Norman Carr established the first safari camp in Luangwa, Zambia, in 1950. In an era when African safaris were hunting expeditions, Carr persuaded visitors to observe and photograph animals instead of shooting them. Throughout its history, Norman Carr Safaris has been a pioneer. Its most recent milestone is the launch of a new luxury bush camp, which opened in June 2013: Chinzombo.
In celebration of Chinzombo’s debut, Norman Carr’s family invited Robb Report readers on a curated journey to get to know Zambia’s people and experience its wildlife and precious emeralds.
The adventure began when Robb Report Club travelers arrived at Chinzombo via private VIP charter flight from Lusaka, Zambia’s capital. Nestled within 60 acres of private land abutting the Luangwa River, Chinzombo and its extraordinary villas—each with a private plunge pool and spa amenities—was the group’s haven for the next four days.
Twice-daily game drives offered viewing of the abundant wildlife—including lions, cheetahs, and elephants—that inhabits the reserve, while walking safaris, a concept pioneered in Zambia by the camp’s founder, immersed travelers within their surroundings. Led by guides with deep knowledge of the terrain, each excursion was a fascinating education in ecology. Sundowners, a cocktail ritual, were a relaxed opportunity to recount the natural spectacles witnessed during the day. The dinners that followed, like all the meals in camp, were delicious and executed with the same polished, relaxed service that distinguishes Chinzombo.
During the stay guests also spent one night under the stars at an outdoor campsite situated in a dry riverbed. Under the immensity of Zambia’s star-strewn sky, with the cries of hyenas and lions in the distance, the vastness of the landscape was awe inspiring.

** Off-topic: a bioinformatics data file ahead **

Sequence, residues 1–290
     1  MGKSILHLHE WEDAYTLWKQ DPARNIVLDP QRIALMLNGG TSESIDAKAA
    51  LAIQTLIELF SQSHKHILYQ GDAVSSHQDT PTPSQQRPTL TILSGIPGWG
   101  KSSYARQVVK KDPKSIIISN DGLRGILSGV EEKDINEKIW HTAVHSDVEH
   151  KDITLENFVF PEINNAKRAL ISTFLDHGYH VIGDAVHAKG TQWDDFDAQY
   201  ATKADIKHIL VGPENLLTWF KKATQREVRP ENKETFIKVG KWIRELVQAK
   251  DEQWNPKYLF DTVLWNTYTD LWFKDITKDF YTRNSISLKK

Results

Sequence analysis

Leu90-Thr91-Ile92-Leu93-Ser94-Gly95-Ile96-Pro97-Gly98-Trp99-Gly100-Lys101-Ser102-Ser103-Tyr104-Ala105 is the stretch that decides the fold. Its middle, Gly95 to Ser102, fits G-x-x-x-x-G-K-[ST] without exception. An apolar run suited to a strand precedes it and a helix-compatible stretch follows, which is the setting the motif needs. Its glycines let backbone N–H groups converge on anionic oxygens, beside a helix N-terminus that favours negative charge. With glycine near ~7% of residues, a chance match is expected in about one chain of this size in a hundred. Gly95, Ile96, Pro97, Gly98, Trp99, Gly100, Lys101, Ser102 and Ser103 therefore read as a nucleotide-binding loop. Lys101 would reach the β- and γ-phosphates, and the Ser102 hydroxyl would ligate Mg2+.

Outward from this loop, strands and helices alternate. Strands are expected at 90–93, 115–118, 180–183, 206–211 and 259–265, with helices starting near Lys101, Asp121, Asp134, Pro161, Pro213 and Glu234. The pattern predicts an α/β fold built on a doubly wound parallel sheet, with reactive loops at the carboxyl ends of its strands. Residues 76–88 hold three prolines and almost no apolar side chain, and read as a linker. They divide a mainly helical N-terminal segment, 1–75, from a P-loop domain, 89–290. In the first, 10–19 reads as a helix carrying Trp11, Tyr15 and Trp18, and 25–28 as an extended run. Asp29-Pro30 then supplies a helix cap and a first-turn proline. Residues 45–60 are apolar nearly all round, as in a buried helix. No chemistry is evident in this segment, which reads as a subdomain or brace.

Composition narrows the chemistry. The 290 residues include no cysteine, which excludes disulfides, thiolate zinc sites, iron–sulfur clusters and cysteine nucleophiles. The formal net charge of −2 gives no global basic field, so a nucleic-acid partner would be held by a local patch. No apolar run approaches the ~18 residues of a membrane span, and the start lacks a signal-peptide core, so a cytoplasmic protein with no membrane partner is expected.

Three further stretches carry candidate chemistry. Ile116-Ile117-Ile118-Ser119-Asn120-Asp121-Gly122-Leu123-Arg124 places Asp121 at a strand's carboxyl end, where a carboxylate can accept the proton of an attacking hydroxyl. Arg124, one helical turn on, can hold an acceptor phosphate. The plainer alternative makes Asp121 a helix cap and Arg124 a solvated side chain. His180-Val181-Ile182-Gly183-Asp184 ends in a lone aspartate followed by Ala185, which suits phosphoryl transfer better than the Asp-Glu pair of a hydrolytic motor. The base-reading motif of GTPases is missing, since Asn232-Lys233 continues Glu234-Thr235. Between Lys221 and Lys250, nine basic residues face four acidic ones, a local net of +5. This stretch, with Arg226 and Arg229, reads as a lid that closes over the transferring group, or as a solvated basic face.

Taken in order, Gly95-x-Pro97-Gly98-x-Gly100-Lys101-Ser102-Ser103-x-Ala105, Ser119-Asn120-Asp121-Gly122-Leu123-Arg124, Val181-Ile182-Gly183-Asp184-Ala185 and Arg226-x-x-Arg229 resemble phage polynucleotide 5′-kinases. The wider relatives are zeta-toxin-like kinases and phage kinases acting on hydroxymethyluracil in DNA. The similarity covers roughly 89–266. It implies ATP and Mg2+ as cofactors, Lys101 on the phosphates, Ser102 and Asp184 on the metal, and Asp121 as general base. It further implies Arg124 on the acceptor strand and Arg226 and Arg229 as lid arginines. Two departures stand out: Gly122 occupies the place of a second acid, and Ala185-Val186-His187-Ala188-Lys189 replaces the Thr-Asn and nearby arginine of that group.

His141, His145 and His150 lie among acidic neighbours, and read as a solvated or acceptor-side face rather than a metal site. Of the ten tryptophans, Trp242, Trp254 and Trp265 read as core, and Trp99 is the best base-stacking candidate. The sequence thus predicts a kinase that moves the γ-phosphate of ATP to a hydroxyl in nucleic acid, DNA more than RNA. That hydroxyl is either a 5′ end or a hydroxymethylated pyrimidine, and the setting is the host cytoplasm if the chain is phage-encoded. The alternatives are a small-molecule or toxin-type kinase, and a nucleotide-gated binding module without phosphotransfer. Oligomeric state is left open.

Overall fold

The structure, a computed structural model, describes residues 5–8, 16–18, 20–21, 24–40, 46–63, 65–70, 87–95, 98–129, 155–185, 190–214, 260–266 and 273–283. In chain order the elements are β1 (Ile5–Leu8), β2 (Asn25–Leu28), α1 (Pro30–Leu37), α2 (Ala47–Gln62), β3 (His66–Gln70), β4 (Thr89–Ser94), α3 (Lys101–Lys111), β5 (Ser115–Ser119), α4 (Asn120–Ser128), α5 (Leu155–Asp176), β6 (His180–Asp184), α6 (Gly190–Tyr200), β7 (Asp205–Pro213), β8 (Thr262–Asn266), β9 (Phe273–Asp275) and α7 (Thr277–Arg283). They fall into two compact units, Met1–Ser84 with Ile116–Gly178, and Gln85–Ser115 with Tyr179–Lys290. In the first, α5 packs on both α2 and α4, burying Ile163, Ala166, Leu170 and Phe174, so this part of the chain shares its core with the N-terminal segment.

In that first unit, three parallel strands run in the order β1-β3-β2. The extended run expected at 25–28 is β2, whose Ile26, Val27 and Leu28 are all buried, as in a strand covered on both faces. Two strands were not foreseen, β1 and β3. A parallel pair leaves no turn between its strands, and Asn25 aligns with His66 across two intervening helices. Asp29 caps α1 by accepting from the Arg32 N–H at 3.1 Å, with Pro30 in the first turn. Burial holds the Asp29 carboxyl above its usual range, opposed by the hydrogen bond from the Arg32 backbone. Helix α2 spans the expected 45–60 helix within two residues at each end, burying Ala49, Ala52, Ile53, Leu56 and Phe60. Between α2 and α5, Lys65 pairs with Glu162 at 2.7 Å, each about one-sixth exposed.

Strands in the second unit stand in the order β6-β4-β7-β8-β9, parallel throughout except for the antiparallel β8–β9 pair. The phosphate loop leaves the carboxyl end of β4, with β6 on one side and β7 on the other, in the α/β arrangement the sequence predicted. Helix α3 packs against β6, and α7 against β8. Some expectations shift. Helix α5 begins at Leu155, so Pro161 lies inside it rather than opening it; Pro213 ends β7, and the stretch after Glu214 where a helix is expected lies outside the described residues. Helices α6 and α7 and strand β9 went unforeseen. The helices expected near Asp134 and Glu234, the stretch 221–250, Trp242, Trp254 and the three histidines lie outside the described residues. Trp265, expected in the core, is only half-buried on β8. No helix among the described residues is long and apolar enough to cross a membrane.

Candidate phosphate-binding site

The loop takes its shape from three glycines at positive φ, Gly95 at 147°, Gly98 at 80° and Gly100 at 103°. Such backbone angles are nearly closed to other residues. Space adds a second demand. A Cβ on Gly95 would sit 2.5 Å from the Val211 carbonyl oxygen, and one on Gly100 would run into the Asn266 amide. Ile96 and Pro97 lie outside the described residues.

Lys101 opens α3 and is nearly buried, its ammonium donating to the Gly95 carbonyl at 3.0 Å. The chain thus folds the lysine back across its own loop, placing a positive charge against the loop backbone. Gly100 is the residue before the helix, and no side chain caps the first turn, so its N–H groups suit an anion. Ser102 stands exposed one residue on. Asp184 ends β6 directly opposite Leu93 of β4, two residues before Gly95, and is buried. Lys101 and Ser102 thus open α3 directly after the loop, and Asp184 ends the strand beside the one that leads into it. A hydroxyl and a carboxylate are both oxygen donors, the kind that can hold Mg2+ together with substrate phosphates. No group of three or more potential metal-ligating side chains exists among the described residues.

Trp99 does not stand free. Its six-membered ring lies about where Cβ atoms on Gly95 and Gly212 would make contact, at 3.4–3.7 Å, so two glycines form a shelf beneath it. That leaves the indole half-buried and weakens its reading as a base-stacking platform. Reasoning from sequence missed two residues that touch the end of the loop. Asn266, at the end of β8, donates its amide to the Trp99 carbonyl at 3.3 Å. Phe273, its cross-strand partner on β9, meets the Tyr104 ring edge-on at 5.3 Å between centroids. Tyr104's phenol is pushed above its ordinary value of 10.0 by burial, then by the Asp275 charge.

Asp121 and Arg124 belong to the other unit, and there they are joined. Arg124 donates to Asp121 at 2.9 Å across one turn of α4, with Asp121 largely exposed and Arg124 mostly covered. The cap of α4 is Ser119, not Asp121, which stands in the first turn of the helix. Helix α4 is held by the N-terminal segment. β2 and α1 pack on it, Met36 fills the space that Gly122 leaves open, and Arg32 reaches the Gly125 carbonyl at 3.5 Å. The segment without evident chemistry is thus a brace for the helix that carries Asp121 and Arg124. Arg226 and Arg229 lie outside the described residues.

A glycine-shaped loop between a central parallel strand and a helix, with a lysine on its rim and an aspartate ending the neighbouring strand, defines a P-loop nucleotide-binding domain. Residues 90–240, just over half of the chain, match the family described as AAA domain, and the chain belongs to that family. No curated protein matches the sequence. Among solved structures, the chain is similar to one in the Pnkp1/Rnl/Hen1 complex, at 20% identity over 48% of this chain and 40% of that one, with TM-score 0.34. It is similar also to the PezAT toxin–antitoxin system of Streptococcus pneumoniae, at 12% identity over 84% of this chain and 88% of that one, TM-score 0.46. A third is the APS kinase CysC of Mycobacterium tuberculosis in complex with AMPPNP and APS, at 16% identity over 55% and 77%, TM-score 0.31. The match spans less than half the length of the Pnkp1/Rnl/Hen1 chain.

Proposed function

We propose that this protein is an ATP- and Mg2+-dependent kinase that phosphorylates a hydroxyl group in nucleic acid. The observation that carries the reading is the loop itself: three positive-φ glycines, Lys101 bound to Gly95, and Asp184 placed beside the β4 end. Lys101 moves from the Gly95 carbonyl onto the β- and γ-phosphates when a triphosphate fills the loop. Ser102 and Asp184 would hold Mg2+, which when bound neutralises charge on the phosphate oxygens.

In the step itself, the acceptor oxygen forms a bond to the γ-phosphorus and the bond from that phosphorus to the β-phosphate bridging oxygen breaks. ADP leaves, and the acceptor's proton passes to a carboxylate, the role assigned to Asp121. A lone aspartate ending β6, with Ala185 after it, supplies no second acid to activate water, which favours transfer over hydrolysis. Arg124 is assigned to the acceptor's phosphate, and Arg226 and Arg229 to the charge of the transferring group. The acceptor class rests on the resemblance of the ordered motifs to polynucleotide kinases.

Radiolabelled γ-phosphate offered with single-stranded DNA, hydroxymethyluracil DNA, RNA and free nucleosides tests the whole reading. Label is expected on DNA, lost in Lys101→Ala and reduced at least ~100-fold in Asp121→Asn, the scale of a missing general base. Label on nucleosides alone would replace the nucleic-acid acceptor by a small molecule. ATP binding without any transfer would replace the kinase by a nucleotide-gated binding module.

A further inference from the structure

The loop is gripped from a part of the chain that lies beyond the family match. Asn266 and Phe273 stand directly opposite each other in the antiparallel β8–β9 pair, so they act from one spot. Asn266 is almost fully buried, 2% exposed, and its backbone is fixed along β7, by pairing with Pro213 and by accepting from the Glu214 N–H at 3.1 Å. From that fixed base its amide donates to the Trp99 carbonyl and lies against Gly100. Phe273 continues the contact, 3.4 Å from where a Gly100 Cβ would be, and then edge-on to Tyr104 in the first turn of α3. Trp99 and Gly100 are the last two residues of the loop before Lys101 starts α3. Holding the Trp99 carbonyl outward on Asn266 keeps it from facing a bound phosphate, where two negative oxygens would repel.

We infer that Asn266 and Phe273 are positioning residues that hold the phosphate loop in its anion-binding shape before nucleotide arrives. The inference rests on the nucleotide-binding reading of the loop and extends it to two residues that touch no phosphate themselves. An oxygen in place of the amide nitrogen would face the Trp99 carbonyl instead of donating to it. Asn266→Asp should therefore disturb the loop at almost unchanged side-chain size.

At the end of the Chinzombo odyssey, an early-morning flight led to the mines of Gemfields, the world’s leading producer of ethically sourced rare colored gemstones. Accompanied by Gemfields’ CEO, Ian Harebottle, the group received a tutorial in emerald geology and gemology, then descended into a world virtually never seen by outsiders: the interior of one of the largest emerald mines in the world. By day’s end, everyone had received an education in the life cycle of an emerald.
A charter flight whisked the group to Chongwe Camp, located on the Lower Zambezi River. Guests resided in luxe accommodations often cited as some of the most beautiful in Africa: Chongwe River House and Suites. For two full days, Robb Report Club travelers embarked on day and evening drives and canoeing safaris that yielded close-up views of crocodiles, hippos, and elephants, and a fly-fishing excursion in search of the elusive tigerfish. An open-air evening feast was a prime opportunity to spot notable constellations, including the Southern Cross.
Livingstone, at Victoria Falls, was the final destination. There, travelers retreated to the Royal Livingstone Hotel, the iconic property of the Falls. A picnic alongside the waterfall and a helicopter tour that plunged into surrounding gorges were the final unforgettable images from a week with many.